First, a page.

'Applying nematodes is simple and should be done in spring and autumn when young leatherjacket larvae are present. Once the product has been delivered, pop it in the fridge until you’re ready to use it,' advises Matthew Martin, strategic account manager at Nemasys Beneficial Nematodes.

'The nematodes can be applied when the soil is consistently above 10 degrees and are best applied first thing in the morning or in the evening to avoid applying in direct sunlight as this weakens the nematodes.'

'When you're ready to apply, mix the contents with water as per the measurements on the back, into a watering can or suitable sprayer, if using a watering can make sure to apply with a coarse rose to prevent nematodes from getting stuck,' he continues.

When doing this method, it's important to keep your lawn thoroughly watered after the application and should be kept consistently moist for up to two weeks afterwards.


How do I get rid of leatherjackets in my garden?

There are several ways to get rid of leatherjackets in the garden, including regularly aerating your lawn to improve drainage, encouraging birds or other natural predators to your garden, and deploying nematodes in your garden.

What kills leatherjackets?

An organic way to kill leatherjackets is by introducing nematodes, which are microscopic worms which can invade the bodies of and kill leatherjackets.

'Infected pests retreat beneath the ground and will then be consumed and broken down by the nematodes. Once the leatherjacket population has diminished, the nematodes will die off and return to the normal quantities found naturally in the soil,' explains Matthew Martin at Nemasys Beneficial Nematodes.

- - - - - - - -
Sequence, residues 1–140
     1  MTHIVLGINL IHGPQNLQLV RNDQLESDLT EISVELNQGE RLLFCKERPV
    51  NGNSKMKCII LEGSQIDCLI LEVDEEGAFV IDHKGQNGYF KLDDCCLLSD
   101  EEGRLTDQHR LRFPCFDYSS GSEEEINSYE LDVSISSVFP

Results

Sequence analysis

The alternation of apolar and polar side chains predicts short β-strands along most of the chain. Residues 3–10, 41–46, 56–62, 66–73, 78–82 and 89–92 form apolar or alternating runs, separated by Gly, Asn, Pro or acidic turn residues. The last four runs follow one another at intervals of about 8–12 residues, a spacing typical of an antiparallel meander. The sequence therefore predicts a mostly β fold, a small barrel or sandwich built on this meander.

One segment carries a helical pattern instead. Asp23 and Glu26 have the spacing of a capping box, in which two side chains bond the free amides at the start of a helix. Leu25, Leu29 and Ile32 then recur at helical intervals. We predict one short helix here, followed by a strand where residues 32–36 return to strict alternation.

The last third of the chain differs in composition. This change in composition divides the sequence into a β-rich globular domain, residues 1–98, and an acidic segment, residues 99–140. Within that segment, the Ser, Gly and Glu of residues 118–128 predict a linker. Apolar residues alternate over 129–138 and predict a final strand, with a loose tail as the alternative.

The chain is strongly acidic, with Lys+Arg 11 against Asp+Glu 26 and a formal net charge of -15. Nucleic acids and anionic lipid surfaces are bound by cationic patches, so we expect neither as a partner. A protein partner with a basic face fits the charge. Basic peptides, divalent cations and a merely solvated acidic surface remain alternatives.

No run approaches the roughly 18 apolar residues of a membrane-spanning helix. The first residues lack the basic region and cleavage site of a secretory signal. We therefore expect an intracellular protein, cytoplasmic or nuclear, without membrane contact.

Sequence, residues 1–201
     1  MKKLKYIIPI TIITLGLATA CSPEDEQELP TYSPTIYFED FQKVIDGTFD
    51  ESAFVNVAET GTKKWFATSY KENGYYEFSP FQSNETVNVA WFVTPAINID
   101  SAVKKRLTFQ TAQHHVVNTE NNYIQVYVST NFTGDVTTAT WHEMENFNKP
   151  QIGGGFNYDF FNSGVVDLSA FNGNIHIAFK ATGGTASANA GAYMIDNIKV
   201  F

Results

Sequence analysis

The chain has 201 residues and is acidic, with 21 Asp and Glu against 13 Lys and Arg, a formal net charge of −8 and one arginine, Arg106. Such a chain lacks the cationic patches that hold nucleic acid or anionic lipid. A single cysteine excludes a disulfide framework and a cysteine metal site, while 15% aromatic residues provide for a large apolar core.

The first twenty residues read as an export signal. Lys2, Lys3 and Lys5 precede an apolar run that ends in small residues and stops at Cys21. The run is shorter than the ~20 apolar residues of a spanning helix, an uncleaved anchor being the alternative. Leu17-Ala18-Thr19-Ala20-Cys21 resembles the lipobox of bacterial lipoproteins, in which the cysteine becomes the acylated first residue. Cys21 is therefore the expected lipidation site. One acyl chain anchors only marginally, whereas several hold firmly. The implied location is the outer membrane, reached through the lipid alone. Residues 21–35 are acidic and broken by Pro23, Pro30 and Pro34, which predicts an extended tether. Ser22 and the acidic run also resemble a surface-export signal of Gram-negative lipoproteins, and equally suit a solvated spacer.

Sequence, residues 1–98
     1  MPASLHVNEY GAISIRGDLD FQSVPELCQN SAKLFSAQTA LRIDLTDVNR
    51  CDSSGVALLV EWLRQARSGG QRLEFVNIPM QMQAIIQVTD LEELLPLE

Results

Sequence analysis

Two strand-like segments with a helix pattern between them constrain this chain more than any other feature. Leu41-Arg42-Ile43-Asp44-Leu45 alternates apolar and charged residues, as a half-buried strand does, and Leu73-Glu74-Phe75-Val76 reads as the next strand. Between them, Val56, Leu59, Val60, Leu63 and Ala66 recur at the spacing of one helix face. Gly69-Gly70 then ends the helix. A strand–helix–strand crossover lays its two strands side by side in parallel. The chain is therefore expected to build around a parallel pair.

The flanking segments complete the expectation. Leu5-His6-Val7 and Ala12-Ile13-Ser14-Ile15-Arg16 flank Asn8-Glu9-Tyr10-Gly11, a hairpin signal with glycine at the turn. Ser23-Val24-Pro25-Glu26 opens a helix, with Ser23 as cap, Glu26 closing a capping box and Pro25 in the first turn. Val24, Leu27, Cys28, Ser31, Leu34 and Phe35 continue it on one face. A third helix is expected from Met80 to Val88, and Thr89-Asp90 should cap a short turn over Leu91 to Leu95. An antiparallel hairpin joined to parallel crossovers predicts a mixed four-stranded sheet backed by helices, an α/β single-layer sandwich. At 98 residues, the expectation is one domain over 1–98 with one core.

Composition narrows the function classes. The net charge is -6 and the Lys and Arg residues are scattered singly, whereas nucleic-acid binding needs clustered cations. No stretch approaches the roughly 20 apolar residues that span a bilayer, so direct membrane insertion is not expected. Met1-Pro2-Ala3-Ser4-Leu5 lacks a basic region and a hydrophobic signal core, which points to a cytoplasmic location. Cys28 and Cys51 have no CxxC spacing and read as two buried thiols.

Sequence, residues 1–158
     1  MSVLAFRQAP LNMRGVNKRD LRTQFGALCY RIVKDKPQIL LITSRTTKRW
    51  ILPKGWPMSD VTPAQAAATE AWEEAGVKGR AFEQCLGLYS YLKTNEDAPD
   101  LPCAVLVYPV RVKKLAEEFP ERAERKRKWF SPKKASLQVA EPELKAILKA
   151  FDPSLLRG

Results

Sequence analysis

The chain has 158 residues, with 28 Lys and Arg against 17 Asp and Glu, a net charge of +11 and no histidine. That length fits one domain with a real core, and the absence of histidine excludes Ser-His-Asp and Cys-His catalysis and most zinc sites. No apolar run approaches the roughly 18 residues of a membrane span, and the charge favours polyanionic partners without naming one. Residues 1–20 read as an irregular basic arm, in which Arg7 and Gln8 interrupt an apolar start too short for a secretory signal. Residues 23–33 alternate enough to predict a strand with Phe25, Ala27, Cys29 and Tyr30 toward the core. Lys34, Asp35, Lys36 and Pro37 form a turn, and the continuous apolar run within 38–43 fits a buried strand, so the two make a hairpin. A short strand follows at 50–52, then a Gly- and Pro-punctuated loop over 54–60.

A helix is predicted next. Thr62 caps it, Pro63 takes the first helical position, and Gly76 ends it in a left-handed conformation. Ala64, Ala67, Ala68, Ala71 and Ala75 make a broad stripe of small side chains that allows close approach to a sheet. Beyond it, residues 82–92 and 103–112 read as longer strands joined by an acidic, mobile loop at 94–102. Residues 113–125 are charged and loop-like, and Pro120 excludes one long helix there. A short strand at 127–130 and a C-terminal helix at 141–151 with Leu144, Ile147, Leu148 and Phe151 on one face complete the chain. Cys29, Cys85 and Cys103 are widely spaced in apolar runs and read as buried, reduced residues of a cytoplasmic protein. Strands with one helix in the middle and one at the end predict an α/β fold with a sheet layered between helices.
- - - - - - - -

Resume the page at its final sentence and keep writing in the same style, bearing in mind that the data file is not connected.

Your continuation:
'Pesticides can be used as a last resort, but just remember to opt for environmentally friendly ones and try to use more ecologically sustainable methods first before you introduce these to your garden,' cautions Ryan Fowley pest removal expert and COO at Excel Pest Services.

Now, you should know how to get rid of leatherjackets and hopefully prevent them from causing havoc to your lawn once again with these expert tips. Here's to pest-free lawns we can enjoy this spring!

Jullia Joson
Junior Writer

Jullia Joson is Ideal Home’s Junior Writer. She’s always loved all things homes and interiors, graduating with a bachelor's degree in Architectural Studies from the University of Nottingham in 2022. Previously, she was an Intern Editor for ArchDaily. Now focused on news stories, Jullia can be found down the TikTok and Pinterest rabbit hole scrolling through any new and upcoming trends, hacks, and home inspiration.